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Press Review


(Saturday, April 30)

“Haykakan Zhamanak” quotes David Phillips, the former chairman of the Turkish-Armenian Reconciliation Commission (TARC), as saying that there is a “crisis of democracy” and serious problems with human rights protection in Armenia. “The authorities must make sure that their policies promote real democracy so that the people can elect the leaders of their country facing very serious challenges,” Phillips is quoted as saying in an interview.

“Aravot” says the Armenian authorities only leave the impression of trying to stave off a “revolution” promised by opposition politician Aram Karapetian. “In reality, they support Aram Karapetian, even if they use rough methods of dealing with the opposition,” writes the paper. “As a result, someone who was little known, has an unserious reputation and emerged on the political arena from nowhere can instantly become a political heavyweight.” Still, the paper believes the authorities should have punished those who disrupted Karapetian’s rally in Sevan.

Interviewed by “Haykakan Zhamanak,” Karapetian says that even if the three parties making up Armenia’s governing coalition were sincere in their condemnation of the Sevan violence they lack the levers to prevent more such incidents in the future. “Robert Kocharian does not even take into account the concerns of the coalition which is considered his support base because he knows that his most reliable base is criminals,” comments the paper.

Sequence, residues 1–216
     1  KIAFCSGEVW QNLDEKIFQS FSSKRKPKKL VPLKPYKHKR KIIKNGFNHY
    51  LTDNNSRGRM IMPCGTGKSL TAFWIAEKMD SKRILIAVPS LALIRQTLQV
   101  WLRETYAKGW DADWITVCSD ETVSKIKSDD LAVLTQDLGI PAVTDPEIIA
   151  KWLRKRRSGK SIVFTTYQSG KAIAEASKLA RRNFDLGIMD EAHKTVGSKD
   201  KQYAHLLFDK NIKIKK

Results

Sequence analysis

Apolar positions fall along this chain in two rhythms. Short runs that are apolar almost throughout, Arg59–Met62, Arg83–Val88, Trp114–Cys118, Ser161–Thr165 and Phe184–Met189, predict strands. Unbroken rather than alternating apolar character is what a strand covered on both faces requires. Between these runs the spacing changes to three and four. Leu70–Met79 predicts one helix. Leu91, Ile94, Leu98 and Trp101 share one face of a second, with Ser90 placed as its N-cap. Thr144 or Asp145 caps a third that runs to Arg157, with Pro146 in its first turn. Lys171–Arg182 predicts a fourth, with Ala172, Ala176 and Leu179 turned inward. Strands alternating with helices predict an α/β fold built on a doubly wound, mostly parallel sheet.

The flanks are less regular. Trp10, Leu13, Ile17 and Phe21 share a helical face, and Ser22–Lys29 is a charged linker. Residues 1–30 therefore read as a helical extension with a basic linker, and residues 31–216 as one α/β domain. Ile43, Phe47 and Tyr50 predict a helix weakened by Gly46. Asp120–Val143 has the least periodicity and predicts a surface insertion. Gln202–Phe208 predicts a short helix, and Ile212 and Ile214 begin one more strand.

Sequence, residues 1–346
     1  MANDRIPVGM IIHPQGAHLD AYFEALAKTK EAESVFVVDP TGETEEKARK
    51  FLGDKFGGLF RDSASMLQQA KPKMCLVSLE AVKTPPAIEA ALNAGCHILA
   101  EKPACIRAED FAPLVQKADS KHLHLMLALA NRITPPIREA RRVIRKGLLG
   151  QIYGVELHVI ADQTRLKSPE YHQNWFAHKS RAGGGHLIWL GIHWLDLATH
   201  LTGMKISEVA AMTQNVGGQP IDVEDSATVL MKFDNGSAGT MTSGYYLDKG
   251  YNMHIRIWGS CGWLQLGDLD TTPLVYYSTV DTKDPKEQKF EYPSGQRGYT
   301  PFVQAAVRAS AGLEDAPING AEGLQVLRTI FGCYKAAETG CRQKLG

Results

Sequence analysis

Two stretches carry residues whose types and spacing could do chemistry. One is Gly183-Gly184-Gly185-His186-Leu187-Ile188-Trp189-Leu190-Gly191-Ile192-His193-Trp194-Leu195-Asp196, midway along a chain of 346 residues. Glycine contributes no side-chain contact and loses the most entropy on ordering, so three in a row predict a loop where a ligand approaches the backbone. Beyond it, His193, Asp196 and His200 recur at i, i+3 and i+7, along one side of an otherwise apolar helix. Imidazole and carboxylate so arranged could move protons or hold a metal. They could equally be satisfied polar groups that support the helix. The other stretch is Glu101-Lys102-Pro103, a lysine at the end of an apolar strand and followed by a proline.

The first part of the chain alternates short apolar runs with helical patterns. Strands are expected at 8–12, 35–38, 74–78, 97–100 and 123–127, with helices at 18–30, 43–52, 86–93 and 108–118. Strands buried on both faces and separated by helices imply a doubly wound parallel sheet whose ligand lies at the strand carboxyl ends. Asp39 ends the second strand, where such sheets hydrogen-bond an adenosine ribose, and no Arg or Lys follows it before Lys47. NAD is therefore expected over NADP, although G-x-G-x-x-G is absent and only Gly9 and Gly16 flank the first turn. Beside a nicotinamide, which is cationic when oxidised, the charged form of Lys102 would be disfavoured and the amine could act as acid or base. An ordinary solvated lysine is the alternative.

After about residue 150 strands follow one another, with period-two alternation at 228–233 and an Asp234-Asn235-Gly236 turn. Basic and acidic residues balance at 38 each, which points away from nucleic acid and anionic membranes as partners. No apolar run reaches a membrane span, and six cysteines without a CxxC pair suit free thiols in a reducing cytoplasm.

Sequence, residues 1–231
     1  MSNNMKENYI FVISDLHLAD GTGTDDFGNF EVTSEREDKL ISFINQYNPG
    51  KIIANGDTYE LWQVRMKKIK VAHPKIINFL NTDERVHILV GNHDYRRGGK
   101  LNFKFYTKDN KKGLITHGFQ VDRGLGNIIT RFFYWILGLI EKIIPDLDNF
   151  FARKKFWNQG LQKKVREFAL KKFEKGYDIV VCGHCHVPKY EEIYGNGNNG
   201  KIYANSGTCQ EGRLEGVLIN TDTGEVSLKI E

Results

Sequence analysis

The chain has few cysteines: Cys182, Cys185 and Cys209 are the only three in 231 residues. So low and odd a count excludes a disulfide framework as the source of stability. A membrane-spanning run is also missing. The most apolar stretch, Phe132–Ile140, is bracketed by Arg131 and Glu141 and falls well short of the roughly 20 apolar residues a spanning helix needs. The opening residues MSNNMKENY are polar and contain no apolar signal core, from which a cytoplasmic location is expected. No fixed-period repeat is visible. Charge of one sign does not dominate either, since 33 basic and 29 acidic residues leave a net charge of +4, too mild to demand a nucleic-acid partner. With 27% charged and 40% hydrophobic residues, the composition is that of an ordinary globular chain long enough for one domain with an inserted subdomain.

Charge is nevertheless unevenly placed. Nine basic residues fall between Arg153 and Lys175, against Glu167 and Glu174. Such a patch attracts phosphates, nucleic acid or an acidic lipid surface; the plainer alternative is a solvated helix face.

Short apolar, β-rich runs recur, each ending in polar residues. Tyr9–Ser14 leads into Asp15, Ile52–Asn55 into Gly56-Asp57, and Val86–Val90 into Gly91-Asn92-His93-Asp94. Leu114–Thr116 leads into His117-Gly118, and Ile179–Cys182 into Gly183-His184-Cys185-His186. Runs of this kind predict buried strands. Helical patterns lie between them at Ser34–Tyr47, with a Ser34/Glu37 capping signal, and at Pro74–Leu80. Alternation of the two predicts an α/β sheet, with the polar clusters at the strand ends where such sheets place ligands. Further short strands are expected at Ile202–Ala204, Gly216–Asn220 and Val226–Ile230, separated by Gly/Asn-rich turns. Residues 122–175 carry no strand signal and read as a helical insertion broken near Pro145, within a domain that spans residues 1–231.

“The Americans have a strange habit,” Ashot Manucharian, another prominent politician, tells Haykakan Zhamanak.” “When they come across criminals they take the maximum out of them only to bring those criminals to justice in the end,” he says. “We are now taking part in that process. The criminals and their entourage also understand what’s going on, as a result of which they have begun taking nonsensical steps. Right now we are witnessing the uncontrolled behavior by a criminal regime.”

“Azg” reports that a former senior officer of Russia’s Federal Security Service, the former KGB, has accused Moscow of organizing the October 1999 terrorist attack on the Armenian parliament. Oleg Litvinenko, who was granted political asylum in Britain, said in a recent newspaper interview that the parliament killings were planned and carried out by the Russian military intelligence. “That special action allowed Russia’s political leadership to prevent the signing of a Karabakh peace accord,” he said. “The pace process was developing beyond Russia’s control.”

“Armenia’s archives are open,” writes “Hayots Ashkhar.” “Turkey’s claims about their being closed are a lie.” The direct of the Armenian National Archive, Amatuni Virabian, says not a single Turkish scholar or journalist has until now asked for a permission to see any documents kept there. “Only yesterday did we receive the first ever request from a Turkish citizen willing to work with the archives,” says Virabian.

(Vache Sarkisian)
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